A very laid-back start with the sweetness of the sherry cask bringing a fat, figgy, dried fruit aroma which initially suppresses the peat, only allowing a little pipe smoke and smoked meat to emerge. With water, there’s balsam, tar, dried seaweed, and fabric Band-Aid. This is repeated on the tongue, with dark fruits suddenly changing to spent kiln and bonfire ashes, but there needs to be more cohesion between the elements. £80
This is the fourteenth 12 year old Lagavulin bottling in the series and was aged in refill American oak hogsheads. Vanilla and wood smoke on the early nose, then black pepper, lemon, marine aromas, and scented notes, with a hint of peaty yeast. Big, sweet, and direct on the smooth palate, with milk chocolate and black pepper, while the smoke keeps building. The finish is long and smoky, with persistent pepper. Diageo Special Releases 2016 bottling.
Lagavulin 12 year old (Diageo Special Release 2015), 56.8%
Single Malt Scotch | $135
As pale as you'd expect, this year’s Special Release ‘limited’ bottling has a sweet, bready softness to it making it less angular than previous expressions. The smoke comes across very gently, allowing the sweet grassiness of the spirit the upper hand until water is added. The palate stirs in some emulsion paint, a pleasing lift of sulfur and anise, and gradually deepens. With water there are more smoke and marine notes.
This is a venerable Lagavulin which immediately shows its age with a nose that mixes the savory (hoisin sauce) with the mature notes of dunnage warehouse, sandalwood, and a minty lift. In time, there’s bog myrtle, old attics, rain-moistened wool, and a smokiness akin to a dead briar pipe. Slightly dull to start, it perks up in the mid-palate with lanolin and black olive brine, and a Darjeeling-like grippiness. Interesting for sure, but past its best. (1,868 bottles).
Style: Islay single malt scotch Color: Pale straw Aroma: Peat smoke-lots of it. Damp earth. Hint of olives and seaweed. Palate: Surprisingly gentle in texture and on the light side of medium in body. A malty sweetness balances the dry-ish peat smoke. Again the damp earth mid palate. An appetizing saltiness emerges towards the finish, but is fleeting. Smoky finish.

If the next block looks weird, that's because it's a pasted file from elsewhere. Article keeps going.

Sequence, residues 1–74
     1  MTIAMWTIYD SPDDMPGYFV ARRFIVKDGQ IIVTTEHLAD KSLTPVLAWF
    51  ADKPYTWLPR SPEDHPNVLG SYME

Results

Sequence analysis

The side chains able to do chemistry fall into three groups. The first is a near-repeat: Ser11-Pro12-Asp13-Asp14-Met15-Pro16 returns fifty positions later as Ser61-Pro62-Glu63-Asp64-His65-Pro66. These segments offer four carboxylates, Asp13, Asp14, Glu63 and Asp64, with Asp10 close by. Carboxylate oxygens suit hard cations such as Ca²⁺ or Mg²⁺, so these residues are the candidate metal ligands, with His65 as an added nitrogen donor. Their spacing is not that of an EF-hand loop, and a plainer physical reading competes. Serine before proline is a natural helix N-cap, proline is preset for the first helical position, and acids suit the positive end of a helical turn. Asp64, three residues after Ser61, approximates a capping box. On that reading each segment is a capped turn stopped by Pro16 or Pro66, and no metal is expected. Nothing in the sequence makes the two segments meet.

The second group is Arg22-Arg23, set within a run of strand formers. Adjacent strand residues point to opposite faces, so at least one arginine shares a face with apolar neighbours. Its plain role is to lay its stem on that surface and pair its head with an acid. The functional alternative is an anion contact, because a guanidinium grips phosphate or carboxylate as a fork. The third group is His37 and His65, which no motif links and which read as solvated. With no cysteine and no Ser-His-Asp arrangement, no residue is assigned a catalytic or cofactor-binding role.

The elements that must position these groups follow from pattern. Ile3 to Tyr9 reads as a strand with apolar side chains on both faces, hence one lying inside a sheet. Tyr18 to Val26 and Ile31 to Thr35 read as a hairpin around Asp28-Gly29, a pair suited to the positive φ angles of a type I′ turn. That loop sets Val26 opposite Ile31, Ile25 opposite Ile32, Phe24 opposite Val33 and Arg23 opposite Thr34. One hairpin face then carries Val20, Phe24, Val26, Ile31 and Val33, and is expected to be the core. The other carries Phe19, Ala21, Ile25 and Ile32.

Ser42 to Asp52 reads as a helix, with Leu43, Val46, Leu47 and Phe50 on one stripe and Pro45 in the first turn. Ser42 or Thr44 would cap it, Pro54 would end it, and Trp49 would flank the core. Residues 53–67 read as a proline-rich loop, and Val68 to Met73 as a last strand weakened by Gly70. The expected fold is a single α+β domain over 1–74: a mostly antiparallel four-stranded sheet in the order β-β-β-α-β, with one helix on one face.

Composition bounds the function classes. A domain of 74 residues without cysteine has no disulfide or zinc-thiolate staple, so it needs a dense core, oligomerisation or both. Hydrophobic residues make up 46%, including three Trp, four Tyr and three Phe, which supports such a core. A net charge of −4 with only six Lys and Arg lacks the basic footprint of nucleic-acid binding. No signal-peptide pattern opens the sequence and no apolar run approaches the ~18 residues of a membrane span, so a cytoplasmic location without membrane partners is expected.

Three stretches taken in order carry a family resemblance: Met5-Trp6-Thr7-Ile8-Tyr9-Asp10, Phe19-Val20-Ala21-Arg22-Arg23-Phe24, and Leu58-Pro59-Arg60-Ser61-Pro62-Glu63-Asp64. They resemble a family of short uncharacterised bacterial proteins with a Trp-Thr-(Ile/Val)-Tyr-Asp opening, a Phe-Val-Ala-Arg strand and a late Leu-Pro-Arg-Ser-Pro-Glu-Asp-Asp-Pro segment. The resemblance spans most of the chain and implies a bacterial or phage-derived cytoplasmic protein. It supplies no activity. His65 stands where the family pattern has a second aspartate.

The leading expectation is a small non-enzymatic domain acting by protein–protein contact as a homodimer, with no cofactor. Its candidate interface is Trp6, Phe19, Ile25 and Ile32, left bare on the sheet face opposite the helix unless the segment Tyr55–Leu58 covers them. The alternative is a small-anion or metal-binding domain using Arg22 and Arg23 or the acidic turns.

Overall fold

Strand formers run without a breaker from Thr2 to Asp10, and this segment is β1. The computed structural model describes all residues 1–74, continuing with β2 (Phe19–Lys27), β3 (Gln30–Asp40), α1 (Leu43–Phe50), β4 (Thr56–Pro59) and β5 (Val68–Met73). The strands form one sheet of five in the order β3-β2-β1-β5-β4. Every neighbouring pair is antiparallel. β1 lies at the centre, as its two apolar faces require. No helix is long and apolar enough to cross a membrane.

Lagavulin 12 year old (Diageo Special Release 2014), 54.4%
Single Malt Scotch | $130
Typically pale and slightly broader than in previous years, with a little more fleshiness that rubs alongside squid ink and white pepper. Huge smoke mingles with the sharp tang of brine and a touch of bran. Water brings out lanolin. There’s little oak getting in the way of the distillery character here and while water settles the waves, it just doesn’t have the extra dimension that elevates the decent to the great. It does make a great highball tho’. (31,428 bottles)
Lagavulin Feis Ile 2012 bottling (Cask #1716) 1998 Vintage, 55.1%
Single Malt Scotch | $133
At first I wondered what was going on here. This Lagavulin has more of the austerity typical of Port Ellen. There’s a tense minerality on the nose giving the impression of salty rock-pools and samphire. Water makes it sweeter and oyster-like. There’s big delivery on the tongue, with masses of distillery character, but that tension remains to the saline finish. In a head-to-head with Caol Ila, the former wins hands down. £85